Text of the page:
The Kentucky Derby is Fiction


The following essay was originally published in the Louisville Courier-Journal on May 4, 2018.

When I was 19-years-old and buzzed out of my mind in the infield, I saw a Josephine leaning over the grandstand rail. This was the moment in the Zac Efron comedy where the frat guy covered in his own barf meets the love of his life, only to lose her the next minute.

Unfortunately for me, this was the real world and I never even learned Josephine’s real name. But what I do remember was how she looked: a long, flowery dress that rippled across her in the breeze, kind of like a lazy flag at the end of a pier on the lake. She had a broad-brimmed hat with a pink rose tucked in, and she wore those bug-eyed sunglasses that were cool back when men could still wear cargo shorts in public.

Josephine is what I called her in my imagination, and when I saw her face, I was struck by one of those bolts of clarity that God reserves for drunks who are tumbling downhill from their buzz. I was a shepherd watching my flock by night, and Josephine had stepped down from a star in the east to teach me the Gospel of Kentucky — to show me the elegance that symbolized our way of life to an outside world that spends exactly two minutes a year contemplating it. She was the Derby. And the Derby was Louisville.

But now I’m older and I realize that though my logic was unassailable, my conclusions were all wrong. Yes, the Derby is Louisville. But Louisville isn’t Josephine. No matter what you see on NBC this Saturday, you should know, all those people in big hats and seersucker suits aren’t really Louisville. They’re actors in my hometown’s greatest work of fiction, and everyone, including us, has fallen for it.

We’re Louisville. And as much as we’d like to be a people born in Lilly Pulitzer dresses and who sip juleps on verandas, we’re really the people in the fields who sweat. We’re the ones who floated down the Ohio River on flatboats and cut a path through the Cumberland Gap to found the American West. We’re the sharecroppers and Freedmen from Virginia who got tired of starving on their boss’s land and came to Kentucky to find their own. We’re the Yankee carpetbaggers who set up shop on the Ohio River and built fortunes shipping crops, tools, and yes — whiskey — from the frontier to the cities; and we’re the German and Irish immigrants who worked their docks and their mills to assemble Manifest Destiny one screw at a time.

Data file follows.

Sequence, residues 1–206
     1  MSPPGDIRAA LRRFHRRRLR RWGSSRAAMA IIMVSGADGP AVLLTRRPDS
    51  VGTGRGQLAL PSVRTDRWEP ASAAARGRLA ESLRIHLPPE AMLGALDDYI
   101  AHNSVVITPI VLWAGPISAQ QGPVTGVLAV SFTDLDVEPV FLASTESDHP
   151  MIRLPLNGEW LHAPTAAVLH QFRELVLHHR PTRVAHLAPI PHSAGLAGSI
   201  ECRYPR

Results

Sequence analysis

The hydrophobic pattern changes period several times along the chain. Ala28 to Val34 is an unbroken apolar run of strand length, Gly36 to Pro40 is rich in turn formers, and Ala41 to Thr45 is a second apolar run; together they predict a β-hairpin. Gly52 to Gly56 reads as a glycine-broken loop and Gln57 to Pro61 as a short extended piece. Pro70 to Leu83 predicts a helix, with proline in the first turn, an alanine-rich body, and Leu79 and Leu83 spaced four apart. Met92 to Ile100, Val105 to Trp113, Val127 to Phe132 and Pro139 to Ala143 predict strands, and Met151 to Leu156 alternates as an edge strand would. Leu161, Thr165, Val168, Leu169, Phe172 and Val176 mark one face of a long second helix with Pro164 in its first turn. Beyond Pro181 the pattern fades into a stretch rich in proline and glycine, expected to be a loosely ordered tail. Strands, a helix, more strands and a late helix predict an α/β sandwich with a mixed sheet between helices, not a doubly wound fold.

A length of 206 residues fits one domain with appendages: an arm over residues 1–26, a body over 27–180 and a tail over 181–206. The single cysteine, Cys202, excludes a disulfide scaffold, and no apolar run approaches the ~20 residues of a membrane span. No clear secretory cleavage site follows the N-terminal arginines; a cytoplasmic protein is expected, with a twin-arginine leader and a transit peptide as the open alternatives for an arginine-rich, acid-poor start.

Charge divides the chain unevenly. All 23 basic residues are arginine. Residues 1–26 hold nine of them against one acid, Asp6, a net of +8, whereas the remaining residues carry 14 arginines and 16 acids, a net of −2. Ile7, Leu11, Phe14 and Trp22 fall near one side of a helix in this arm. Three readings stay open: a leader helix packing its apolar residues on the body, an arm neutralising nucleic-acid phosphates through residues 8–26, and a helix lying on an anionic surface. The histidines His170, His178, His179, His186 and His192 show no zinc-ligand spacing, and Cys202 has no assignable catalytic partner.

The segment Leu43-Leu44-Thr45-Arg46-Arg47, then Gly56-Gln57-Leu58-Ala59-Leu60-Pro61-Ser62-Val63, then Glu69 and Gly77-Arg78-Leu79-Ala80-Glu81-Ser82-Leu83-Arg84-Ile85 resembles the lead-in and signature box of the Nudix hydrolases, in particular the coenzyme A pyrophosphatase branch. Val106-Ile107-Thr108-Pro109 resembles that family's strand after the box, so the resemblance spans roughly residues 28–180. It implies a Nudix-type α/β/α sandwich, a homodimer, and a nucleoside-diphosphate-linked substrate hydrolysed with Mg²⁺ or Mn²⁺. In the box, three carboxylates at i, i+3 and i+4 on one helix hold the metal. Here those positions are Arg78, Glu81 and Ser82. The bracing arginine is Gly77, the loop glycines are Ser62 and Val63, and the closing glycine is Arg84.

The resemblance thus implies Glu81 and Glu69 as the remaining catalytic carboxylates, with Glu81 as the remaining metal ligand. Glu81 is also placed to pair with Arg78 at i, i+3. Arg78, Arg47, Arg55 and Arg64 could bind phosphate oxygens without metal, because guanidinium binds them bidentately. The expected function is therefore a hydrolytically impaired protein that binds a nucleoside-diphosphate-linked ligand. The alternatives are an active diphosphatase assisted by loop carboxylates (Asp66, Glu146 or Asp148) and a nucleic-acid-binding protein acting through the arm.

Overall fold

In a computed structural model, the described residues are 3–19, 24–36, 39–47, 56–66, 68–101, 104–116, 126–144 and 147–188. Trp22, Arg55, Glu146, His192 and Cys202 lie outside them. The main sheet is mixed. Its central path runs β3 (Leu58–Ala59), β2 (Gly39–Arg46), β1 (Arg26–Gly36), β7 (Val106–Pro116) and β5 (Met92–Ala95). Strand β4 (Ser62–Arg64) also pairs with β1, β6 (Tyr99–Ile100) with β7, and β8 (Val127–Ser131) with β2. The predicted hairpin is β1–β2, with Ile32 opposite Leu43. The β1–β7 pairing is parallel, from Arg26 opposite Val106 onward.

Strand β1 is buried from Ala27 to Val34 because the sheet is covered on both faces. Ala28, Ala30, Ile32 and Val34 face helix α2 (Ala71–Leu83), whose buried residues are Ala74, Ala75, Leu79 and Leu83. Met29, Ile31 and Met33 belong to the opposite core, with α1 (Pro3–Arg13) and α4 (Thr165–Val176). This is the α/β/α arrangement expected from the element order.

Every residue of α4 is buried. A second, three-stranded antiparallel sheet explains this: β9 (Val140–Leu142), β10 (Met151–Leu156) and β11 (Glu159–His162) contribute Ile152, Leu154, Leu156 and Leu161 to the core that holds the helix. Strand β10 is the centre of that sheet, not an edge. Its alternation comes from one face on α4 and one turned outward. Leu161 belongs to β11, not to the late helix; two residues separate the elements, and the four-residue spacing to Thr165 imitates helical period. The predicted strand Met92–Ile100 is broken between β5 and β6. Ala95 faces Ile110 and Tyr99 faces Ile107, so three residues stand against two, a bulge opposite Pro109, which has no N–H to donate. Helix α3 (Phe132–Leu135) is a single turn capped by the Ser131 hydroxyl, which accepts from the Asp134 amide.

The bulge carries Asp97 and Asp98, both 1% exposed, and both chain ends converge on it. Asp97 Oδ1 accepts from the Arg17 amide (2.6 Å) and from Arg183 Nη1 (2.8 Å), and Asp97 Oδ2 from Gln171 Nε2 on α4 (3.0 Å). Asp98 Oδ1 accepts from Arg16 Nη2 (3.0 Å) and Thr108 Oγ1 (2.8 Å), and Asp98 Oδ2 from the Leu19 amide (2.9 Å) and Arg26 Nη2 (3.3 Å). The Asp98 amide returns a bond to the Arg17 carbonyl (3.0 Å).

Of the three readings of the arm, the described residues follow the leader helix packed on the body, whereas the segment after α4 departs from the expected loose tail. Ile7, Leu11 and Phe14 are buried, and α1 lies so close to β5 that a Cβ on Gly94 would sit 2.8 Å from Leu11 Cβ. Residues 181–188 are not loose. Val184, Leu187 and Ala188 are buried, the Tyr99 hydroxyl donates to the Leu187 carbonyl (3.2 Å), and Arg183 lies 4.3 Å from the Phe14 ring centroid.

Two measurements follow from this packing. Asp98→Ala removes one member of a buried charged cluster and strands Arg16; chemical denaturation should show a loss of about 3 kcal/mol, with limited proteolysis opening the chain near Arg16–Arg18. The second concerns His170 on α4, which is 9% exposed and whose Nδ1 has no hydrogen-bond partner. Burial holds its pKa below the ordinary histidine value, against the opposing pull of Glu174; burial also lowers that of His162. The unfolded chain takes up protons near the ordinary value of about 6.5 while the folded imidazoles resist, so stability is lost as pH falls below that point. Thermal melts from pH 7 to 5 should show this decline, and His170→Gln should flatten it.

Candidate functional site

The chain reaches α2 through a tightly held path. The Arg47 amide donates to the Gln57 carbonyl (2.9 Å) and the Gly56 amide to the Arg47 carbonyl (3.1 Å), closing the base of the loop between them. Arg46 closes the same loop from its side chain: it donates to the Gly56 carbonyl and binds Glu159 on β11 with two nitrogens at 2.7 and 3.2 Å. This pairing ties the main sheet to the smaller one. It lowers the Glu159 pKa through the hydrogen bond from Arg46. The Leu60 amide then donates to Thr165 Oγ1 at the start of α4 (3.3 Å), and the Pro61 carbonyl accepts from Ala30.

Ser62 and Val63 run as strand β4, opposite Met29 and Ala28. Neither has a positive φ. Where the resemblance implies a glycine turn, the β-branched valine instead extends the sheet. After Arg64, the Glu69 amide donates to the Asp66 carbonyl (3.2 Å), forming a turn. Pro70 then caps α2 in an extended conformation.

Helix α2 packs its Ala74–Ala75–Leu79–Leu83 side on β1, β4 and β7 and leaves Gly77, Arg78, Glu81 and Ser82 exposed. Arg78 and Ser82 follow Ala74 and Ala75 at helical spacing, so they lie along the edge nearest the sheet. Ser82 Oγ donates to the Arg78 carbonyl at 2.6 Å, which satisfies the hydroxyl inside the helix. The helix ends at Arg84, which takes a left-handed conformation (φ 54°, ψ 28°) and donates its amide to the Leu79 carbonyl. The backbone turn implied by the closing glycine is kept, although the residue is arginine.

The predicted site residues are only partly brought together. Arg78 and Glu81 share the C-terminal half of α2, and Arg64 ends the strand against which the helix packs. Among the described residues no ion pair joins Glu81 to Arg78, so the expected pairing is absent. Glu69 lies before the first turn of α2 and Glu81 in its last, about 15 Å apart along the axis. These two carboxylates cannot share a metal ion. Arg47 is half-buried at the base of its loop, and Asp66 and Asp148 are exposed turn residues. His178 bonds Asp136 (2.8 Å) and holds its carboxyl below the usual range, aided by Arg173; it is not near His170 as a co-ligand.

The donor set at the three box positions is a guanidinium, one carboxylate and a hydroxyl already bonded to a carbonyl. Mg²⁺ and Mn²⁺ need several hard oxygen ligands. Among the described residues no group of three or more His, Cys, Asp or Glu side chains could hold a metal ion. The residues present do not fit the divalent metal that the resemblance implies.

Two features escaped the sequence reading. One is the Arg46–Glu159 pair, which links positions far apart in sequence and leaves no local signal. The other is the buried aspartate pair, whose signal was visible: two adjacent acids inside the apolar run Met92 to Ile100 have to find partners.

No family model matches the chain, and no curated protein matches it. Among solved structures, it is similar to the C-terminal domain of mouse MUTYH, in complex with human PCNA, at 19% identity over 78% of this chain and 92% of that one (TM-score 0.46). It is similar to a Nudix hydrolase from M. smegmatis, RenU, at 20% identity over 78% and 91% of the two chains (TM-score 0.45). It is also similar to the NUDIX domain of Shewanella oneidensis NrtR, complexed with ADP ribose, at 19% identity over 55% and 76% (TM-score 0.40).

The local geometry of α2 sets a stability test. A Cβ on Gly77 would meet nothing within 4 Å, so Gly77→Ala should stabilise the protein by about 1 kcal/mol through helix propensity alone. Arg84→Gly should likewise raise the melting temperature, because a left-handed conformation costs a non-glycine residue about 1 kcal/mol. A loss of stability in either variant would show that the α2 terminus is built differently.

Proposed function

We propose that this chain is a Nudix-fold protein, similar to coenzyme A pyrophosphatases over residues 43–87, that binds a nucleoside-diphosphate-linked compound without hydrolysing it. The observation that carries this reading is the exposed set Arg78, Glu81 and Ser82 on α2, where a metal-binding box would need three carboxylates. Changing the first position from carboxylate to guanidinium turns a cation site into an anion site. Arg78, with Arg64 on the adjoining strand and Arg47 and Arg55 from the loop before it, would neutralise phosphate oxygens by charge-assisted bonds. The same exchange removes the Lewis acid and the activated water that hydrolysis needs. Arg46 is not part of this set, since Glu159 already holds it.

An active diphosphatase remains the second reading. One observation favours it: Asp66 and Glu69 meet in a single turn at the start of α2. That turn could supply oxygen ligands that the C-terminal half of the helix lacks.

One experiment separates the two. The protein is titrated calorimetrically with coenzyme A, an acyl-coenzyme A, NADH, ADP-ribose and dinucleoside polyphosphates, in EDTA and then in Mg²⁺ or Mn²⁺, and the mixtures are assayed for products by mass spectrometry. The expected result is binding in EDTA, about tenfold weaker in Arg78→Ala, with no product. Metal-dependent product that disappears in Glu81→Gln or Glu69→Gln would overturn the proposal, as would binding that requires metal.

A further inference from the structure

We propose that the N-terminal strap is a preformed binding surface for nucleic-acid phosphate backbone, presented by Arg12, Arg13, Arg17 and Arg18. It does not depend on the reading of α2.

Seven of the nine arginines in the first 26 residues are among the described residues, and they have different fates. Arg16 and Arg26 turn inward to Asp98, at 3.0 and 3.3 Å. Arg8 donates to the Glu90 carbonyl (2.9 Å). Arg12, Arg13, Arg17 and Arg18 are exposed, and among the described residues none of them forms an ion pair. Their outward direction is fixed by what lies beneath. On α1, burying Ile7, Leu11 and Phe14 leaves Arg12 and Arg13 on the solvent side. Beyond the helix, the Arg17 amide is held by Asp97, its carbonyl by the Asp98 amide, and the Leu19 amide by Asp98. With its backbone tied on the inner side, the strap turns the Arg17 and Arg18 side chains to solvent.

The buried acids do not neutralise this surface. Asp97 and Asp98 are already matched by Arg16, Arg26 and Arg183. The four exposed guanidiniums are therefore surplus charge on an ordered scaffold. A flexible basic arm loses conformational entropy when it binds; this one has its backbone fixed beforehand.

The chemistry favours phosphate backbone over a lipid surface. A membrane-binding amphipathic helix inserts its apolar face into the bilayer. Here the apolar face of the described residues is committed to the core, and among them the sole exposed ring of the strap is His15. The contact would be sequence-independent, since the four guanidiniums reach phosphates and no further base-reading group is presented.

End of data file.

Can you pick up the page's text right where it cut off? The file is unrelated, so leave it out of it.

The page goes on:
That story continues to this day. The flatboats are gone from the river but the airplanes have invaded our sky. Louisville remains one of the world’s most important shipping centers, thanks to UPS Worldport; and it’s a manufacturing hive that still draws migrants from rural America to the good-paying jobs at Ford and GE, as well as the countless small businesses that feed their supply chains. And of course, on Derby Day, we shouldn’t forget our most recent migrants: the workers from Mexico and Central America who groom the horses, harvest the crops, and lately, win the Triple Crown itself — thank you, Victor Espinoza.

Louisville is too far north to whistle Dixie but not far enough west to ride a bull. It’s too blue collar for the South and too ham-and-biscuits for the Midwest. It is what it always was: an American gateway, a place where things come and go while we mostly stay the same. The Kentucky Derby tells part of this story. It valorizes the Bluegrass and the belles, but it misses the larger truth: that no matter what the julep man tells you at Churchill Downs, we are not a leisurely people. That’s not our history.

But why should anyone care? After all, most holidays indulge in fiction. Jesus Christ came to earth on Christmas, though that night in a manger almost certainly happened in the spring. And on Easter, kids chase after eggs hidden by a rabbit, despite the fact that no bunny on earth is biologically capable of laying one.

On holy days, the truth doesn’t matter as much as the spirit. They’re times when old legends are retold, where families are together, and someone, somewhere drinks too much. So it is on Christmas Day — and if you’re lucky enough to be in Louisville this Saturday — at the Kentucky Derby, too.

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